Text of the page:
A few weeks ago, I mentioned that White Riot had been written as a call-to-arms for disaffected youth in the UK. Eight years on, and the disaffection was still there – indeed it was increasing all the while thanks to a government whose policies were not of the caring, sharing variety. Paul Weller‘s increasing frustration with young people not willing to engage in the political process on the basis that ‘they’re all the same aren’t they?’ or ‘it’s only one vote for me and that ain’t gonna bring about change is it?’ led to him penning the lyrics to Walls Come Tumbling Down with such lines as
“Are you gonna realise the class war’s real and not mythologised?’
mp3 : The Style Council – Walls Come Tumbling Down
It was released as a single in May 1985 and its jaunty radio-friendly tune, combined with a high-profile promotional campaign with appearances on all sorts of TV shows, helped it crash into the charts at #13 after which a TOTP appearance helped climb to its highest position of #6. The fact that it dropped down the charts afterwards rather quickly was perhaps an indication that mixing pop and politics wasn’t helping the band find any new audiences. But that didn’t stop the main man continuing to get on his soap box and promise that many of the songs that had been penned for inclusion on the second LP would further attack the unfairness of life under the Thatcher government.
As it turned out, the song’s lyrics became a bit of prophesy for what would happen over the next few years in Eastern Europe with the collapse of one totalitarian dictatorship after another and the dismantling of the Berlin Wall. Indeed, Annie Nightingale, in her final show of the decade which celebrated some of the best and most popular songs of the 80s dedicated it to everyone in Germany whose lives had clearly changed forever more.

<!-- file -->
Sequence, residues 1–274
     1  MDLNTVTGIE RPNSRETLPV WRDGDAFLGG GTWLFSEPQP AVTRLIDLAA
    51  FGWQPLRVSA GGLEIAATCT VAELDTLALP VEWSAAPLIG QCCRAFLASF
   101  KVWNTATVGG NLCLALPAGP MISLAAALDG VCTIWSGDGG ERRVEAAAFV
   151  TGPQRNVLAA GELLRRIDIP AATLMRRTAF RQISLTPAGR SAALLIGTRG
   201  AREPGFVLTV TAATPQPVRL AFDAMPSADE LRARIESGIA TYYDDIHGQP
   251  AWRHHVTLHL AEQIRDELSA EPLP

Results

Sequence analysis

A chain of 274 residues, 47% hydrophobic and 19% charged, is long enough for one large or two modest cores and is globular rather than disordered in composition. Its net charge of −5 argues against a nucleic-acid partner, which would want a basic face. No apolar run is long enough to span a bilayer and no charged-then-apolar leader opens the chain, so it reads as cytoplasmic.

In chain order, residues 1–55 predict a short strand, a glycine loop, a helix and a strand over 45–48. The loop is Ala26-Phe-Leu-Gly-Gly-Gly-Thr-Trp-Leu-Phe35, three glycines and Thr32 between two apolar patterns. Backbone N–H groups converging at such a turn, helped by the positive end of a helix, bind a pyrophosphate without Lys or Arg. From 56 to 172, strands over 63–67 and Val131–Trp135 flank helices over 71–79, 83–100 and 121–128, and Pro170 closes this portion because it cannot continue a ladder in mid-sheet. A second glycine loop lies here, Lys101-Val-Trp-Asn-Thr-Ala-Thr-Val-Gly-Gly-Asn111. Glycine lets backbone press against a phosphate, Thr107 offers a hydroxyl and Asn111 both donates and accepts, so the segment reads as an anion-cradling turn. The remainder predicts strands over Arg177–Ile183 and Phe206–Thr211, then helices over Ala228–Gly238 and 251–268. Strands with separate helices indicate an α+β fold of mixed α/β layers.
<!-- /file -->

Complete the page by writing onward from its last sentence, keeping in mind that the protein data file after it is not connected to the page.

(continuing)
There were three quite different songs on the b-side of the 12″
mp3 : The Style Council – Spin’ Drifting
mp3 : The Style Council – The Whole Point II
mp3 : The Style Council – Blood Sports
The first is by far the weakest of the tracks with a bland tune set to sixth-form lovelorn poetry while the last is an acoustic and angry attack on those who supported hunting in the UK countryside and provided further evidence of Weller’s willingness to pen political material of a very personal nature.
The Whole Point II however, is something really powerful and disturbing. The tune was first used on the Cafe Blue LP with a lyric that attacked the political classes in the UK. This updated and very sad version is from the perspective of someone who is contemplating suicide by jumping into the sea…….
The lyrics have undoubtedly aged Walls Come Tumbling Down, but it is a cracking tune that demands to be danced to.